• ALL other body work modalities fall into this category of being potentially supportive (if you interview them and like their answers): Alexander technique, Feldenkrais, Bowen, chiropractic, Trager and Rolfing, or Structural Integration, ART, Mashing, Rossiter etc (I’m sure there are many more).
  • Just because someone was trained in something potentially helpful does NOT mean they are GOOD! Your job is to find out if they are, and their job is to make sure you know it when you call or walk into their office.

Questions to ask when interviewing a practitioner:

The very FIRST thing I urge you to ask any professional before you see them is

Question #1:

Read More

Are You (Unknowingly) Making Your Pain WORSE? Learn to Help Your Body Find the ROOT CAUSE

Screen Shot 2016-08-09 at 12.09.28 PM

What if the FIRST thing you do when pain happens is the LAST thing you should do if you want true relief?

If you’re like most people on the planet when pain happens then you probably do the ONE thing that seems to be in our biology. It’s instinctual, habitual and seemingly benign. But chances are it WON’T get you out of pain, and it just might make things worse.

You go to and touch whatever is hurting:

  • Your knee gets a stabbing pain, folds you in half and you reach down to touch it.
  • Your back seizes up and you instinctively grab it and feel around as you try to stand upright.
  • Your shoulders hurt, so you massage them (or ask someone else to).
  • Your elbow hurts, and you grab hold of it.
  • You get a tension headache and hold your head in your hands.
  • Et etc.

This first act in and of itself is perfectly natural and it makes total sense that we’d instinctively want to make contact with our pain.

It’s what we do NEXT that truly matters.

Do you REACT to the pain and fixate on what’s hurting?

OR

Do you get CURIOUS and try to find the root cause?

The habit most of us have is to fixate on what’s hurting followed closely by an attempt to silence, comfort or eliminate the pain: maybe you take an over the counter pain killer that’s already in your medicine cabinet; maybe you gently rub or massage that area; maybe you ice it (because you probably learned the very outdated RICE protocol in middle school, which for the record I’m not a fan of at all).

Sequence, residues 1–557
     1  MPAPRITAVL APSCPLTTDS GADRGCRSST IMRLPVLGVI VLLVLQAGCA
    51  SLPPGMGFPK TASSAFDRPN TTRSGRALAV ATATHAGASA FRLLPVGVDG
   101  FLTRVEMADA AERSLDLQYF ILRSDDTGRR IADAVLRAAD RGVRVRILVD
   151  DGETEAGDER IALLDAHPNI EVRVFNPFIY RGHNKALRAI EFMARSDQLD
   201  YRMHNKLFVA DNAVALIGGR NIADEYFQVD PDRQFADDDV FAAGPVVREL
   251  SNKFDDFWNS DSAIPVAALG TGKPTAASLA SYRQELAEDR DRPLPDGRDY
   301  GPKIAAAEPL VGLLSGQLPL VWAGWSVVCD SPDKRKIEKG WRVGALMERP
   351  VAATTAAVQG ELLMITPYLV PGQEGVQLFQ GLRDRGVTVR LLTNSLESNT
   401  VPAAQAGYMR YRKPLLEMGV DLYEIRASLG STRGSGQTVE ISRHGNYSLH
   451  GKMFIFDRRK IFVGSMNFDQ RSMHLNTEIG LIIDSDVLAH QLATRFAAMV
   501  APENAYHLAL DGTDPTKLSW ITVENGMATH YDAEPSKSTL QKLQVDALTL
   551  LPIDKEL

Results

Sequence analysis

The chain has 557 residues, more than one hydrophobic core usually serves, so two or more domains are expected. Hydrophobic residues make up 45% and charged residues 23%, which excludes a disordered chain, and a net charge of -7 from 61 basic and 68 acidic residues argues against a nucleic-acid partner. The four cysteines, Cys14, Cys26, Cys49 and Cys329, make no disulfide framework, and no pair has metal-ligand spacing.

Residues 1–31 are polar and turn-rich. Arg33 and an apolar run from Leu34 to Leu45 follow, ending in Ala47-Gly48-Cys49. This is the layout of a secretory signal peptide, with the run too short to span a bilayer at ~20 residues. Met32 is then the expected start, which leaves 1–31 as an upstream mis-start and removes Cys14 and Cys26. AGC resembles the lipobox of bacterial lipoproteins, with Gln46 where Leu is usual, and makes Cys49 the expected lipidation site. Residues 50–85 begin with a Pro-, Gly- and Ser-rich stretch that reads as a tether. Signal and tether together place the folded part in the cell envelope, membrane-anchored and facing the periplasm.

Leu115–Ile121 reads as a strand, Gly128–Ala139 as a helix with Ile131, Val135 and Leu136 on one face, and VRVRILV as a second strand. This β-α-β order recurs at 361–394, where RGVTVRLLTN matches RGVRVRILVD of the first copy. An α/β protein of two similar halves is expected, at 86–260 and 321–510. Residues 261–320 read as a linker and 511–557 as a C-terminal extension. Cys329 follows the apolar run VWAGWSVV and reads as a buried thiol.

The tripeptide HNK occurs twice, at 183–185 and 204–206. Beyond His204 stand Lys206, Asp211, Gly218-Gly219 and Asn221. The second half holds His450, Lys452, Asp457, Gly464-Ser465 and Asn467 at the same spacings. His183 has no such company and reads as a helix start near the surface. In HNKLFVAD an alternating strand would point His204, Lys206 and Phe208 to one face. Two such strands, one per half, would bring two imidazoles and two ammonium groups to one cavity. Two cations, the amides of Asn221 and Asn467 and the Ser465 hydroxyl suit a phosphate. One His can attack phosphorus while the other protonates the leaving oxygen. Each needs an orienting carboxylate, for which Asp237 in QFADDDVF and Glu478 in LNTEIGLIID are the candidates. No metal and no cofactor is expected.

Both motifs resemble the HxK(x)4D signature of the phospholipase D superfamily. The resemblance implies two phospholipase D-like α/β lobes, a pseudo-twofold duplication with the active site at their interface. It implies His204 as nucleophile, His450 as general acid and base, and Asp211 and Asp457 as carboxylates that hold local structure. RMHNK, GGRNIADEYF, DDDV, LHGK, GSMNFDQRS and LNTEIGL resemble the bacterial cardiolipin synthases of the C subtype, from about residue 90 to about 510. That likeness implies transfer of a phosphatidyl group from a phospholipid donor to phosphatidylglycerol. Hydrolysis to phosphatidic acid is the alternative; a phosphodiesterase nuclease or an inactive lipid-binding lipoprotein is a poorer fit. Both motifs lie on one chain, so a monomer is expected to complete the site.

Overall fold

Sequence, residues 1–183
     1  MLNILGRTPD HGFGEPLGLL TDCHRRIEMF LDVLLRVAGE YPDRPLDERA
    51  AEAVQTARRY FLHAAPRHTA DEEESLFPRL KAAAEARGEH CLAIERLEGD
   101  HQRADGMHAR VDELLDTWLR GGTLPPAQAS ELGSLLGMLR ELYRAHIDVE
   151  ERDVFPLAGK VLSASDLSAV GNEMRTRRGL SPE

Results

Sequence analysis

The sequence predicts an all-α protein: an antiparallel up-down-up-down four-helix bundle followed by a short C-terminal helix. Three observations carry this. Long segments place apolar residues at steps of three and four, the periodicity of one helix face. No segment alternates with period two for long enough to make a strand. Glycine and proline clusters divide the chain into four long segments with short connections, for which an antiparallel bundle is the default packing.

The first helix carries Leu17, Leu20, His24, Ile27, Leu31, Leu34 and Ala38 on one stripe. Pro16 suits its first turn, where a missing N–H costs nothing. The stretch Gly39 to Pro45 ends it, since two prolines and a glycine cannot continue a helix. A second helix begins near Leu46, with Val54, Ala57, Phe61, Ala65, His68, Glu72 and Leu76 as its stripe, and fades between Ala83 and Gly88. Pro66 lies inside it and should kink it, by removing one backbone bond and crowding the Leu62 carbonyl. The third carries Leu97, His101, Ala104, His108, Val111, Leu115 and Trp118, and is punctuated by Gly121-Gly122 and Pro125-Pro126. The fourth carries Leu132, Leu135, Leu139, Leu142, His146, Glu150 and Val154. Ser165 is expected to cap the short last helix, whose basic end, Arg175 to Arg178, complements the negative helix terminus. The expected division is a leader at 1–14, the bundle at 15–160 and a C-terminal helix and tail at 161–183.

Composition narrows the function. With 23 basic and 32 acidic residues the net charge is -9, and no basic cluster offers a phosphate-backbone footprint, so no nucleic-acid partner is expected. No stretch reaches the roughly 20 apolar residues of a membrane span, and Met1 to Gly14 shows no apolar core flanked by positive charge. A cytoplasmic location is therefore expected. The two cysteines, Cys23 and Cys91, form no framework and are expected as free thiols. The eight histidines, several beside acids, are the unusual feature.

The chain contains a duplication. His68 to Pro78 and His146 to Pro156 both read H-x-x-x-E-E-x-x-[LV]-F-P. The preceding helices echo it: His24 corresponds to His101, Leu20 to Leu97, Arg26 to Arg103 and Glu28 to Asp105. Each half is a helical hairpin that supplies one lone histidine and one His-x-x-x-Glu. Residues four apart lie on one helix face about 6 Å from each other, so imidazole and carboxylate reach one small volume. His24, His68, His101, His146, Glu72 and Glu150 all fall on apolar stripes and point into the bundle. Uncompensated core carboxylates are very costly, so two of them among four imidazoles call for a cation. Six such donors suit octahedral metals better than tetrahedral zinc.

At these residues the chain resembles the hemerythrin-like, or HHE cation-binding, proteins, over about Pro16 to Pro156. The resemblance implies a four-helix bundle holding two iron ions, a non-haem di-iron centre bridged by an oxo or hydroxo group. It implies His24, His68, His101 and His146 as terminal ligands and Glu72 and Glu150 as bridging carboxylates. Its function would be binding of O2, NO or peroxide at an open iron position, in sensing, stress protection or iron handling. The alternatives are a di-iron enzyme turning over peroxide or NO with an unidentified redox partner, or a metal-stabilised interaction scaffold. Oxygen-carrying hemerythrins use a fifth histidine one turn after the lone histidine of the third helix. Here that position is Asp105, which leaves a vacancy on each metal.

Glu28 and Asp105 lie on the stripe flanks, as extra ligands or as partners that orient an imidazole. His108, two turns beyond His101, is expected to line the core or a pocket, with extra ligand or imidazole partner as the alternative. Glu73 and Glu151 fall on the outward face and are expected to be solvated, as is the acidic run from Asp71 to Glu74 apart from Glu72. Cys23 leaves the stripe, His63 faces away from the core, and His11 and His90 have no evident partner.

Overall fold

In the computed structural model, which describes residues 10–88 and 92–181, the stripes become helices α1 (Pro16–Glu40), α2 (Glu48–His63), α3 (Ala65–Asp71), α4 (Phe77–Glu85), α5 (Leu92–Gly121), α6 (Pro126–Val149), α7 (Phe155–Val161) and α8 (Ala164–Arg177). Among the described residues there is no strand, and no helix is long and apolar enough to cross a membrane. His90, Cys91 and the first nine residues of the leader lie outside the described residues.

When these mild reactions don’t work you might seek out help from professionals who are a little more aggressive than you: perhaps you try a deep tissue massage or a chiropractic adjustment. And while these might seem like very good ideas, if they are also fixated on the site of pain and not looking elsewhere for the CAUSE, then you’re still caught in the same trap.

Or maybe you try to isolate and immobilize the area via a knee, back, wrist or ankle brace or boot…

What’s missing from this approach?

What ALL of these reactions have in common is a complete lack of curiosity about and awareness of THE REST OF YOUR BODY.

This habit of fixating on what’s hurting at the exclusion of the rest of the body is so ingrained that most healing modalities in western culture have adopted it as well.

If you seek out a medical professional for help with your pain, chances are – unless they are very holistic in their approach to pain (and these professionals DO exist, though it’s been my experience that they are rare) – they will look at/palpate and/or X-ray, MRI or ultrasound the site of pain and suggest a course of action that focuses only on the site of pain: cortisone shots, pain pills, surgery, a brace, a boot, orthotics or shoe lifts etc.